Homelessness affected Sophia Kim each time she walked down or drove along the streets in her native country of South Africa. She would get swarmed by homeless people begging for food.
“I haven’t lived in Philadelphia until last August, but I don’t think that homelessness is a huge problem,” Kim said.
Kim, a freshman fine arts major, said since living in Philadelphia, she has only seen about five homeless people around the neighborhood.
But homelessness is a reality for approximately 6,000 people in Philadelphia, according to the national Jan. 28 Point-in-Time count of homeless people that is federally required in every city. The homeless population was about the same size last year.
On any given evening, Project HOME, a nonprofit organization that aims to help homeless people, estimates there are 650 people who are sleeping on the streets, 300 of whom are in Center City.
Homelessness fluctuates seasonally, with higher spikes of homelessness in summer months.
Despite Philadelphia having one of the highest poverty rates of any other major city in the country, it has one of the lowest rates of homelessness.
The causes of homelessness are complex and can occur for a number of reasons like poverty from lack of jobs with competitive wages, lack of affordable transportation, inadequate resources for mental health, substance abuse issues and domestic abuse.
According to Project HOME, 94.1 percent of all homeless people have behavioral health challenges. Another 12.1 percent have mental health issues and another 12 percent have substance abuse issues. Also, 70 percent of homeless have dual diagnoses of these different problems.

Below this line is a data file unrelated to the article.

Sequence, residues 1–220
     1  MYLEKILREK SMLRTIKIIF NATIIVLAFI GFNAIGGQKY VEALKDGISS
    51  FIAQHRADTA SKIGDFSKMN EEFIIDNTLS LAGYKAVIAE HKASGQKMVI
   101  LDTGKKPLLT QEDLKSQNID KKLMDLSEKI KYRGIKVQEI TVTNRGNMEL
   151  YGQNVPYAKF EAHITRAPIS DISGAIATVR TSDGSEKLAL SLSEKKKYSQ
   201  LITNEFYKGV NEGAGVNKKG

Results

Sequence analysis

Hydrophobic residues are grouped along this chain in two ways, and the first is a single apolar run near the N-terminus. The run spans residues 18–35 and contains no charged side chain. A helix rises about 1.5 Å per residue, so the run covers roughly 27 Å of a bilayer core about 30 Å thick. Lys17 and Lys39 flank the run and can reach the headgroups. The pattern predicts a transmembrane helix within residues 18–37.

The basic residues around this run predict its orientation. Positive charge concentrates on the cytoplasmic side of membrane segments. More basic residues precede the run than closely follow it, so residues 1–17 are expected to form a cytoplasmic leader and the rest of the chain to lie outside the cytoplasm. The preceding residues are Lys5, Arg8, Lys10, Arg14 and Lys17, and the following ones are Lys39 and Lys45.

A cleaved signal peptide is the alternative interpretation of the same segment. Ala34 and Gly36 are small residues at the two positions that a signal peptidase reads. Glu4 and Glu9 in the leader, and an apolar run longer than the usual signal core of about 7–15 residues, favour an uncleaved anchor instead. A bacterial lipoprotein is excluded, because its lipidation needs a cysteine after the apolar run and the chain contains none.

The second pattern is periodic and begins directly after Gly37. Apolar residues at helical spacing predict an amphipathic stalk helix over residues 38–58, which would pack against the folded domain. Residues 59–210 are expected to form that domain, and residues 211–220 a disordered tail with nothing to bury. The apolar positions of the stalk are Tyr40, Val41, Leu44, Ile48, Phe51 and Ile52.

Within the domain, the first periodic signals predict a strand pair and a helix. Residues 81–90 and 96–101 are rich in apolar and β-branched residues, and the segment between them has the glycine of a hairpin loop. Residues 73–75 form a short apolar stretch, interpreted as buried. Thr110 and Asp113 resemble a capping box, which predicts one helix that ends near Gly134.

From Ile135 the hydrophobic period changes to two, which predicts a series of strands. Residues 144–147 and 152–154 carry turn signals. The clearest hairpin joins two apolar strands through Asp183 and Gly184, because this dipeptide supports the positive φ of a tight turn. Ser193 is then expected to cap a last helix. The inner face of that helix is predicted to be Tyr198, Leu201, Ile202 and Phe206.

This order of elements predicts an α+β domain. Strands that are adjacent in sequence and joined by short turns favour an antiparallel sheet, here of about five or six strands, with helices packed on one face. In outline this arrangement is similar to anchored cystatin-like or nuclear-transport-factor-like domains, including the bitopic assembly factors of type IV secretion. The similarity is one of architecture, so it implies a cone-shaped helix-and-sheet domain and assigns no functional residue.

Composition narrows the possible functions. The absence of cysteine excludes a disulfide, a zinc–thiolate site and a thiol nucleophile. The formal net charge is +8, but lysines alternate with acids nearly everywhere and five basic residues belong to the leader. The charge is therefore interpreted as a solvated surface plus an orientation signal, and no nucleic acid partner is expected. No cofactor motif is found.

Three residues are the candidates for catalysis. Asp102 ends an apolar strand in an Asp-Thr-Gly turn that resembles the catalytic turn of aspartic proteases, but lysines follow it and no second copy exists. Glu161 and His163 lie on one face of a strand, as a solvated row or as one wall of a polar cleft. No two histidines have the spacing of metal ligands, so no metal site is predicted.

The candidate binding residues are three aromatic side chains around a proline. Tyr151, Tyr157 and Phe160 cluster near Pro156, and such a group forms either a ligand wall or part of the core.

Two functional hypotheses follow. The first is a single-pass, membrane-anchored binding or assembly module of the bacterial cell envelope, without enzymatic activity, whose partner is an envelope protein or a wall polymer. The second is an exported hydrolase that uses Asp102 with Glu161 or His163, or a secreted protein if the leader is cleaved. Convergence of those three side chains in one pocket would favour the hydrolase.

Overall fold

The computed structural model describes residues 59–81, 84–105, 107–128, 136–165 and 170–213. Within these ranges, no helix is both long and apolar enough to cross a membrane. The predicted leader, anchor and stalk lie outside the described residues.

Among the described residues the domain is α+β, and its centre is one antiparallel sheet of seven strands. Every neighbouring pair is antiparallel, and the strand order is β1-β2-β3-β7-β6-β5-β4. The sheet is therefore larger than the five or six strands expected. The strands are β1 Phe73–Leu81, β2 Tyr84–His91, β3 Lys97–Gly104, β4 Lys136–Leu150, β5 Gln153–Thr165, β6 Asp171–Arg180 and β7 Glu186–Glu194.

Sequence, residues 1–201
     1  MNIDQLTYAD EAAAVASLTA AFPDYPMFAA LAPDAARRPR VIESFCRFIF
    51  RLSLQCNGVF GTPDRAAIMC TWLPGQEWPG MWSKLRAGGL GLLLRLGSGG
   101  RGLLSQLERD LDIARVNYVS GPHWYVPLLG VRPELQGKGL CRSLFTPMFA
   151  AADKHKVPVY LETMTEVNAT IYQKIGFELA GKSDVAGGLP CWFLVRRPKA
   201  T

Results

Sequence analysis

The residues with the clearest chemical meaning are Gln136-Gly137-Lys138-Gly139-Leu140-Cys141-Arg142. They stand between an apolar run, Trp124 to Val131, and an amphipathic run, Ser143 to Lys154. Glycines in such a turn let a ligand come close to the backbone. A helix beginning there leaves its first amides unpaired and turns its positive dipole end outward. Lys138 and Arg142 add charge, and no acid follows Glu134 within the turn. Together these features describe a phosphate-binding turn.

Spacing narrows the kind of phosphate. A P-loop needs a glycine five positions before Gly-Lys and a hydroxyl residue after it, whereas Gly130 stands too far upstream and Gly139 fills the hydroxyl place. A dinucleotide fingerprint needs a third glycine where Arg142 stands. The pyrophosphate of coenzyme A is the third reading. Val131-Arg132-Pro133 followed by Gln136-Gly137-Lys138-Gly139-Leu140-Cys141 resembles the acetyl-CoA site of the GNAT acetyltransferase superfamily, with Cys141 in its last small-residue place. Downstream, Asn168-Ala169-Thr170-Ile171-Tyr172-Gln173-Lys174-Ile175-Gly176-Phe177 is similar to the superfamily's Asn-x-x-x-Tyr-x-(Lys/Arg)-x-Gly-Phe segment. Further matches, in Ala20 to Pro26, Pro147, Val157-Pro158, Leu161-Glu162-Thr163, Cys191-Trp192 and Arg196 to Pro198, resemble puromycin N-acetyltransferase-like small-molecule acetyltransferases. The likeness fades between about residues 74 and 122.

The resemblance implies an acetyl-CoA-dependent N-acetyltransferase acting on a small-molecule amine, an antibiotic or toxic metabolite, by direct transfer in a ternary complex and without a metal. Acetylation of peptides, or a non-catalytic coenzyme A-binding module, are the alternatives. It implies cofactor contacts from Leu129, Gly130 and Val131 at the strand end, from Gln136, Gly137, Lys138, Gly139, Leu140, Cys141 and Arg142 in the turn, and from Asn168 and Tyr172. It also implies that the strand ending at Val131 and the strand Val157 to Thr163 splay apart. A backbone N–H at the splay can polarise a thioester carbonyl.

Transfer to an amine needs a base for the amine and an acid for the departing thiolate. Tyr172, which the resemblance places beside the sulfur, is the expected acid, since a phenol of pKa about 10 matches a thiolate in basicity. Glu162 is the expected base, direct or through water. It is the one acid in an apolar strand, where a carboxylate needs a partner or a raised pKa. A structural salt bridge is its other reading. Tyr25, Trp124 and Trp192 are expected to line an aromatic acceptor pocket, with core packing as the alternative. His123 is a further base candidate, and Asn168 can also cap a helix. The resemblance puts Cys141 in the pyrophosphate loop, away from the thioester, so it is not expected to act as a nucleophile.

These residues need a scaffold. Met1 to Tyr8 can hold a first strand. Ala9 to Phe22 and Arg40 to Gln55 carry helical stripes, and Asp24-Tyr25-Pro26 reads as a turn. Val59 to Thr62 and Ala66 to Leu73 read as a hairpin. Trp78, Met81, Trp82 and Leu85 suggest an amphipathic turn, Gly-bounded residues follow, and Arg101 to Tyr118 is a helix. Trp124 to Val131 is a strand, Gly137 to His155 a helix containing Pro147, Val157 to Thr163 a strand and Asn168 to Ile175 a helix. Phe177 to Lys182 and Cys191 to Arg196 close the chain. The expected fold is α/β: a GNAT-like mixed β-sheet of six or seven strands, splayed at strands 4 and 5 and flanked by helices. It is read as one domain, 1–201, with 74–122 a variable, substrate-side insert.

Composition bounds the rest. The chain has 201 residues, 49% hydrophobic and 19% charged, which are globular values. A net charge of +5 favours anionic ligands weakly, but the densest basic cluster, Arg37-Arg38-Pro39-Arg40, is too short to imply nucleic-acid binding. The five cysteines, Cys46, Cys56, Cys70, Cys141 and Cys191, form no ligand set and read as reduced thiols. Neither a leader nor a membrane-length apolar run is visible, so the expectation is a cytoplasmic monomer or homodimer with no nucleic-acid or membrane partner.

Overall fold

Philadelphia celebrated an end to veterans who were homeless this past year. Nationally, veterans make up 8 percent of the total homeless population. Philadelphia makes up about 40 percent of the estimated 15,421 homeless people in the state.
The U.S. Department of Housing and Urban Development reported to Congress in November that there had been a 2 percent decrease in homelessness since 2014 nationally, 11,742 fewer people sleeping on the streets. HUD also reported there had been an 11 percent decline in homelessness since 2007, translating to 82,550 fewer people who were homeless in 2015 than 2007.
“It is a problem in the developed parts of the world where it gets cold and people can die from hypothermia,” Kim said.
Gillian McGoldrick can be reached at firstname.lastname@example.org or on Twitter @gill_mcgoldrick.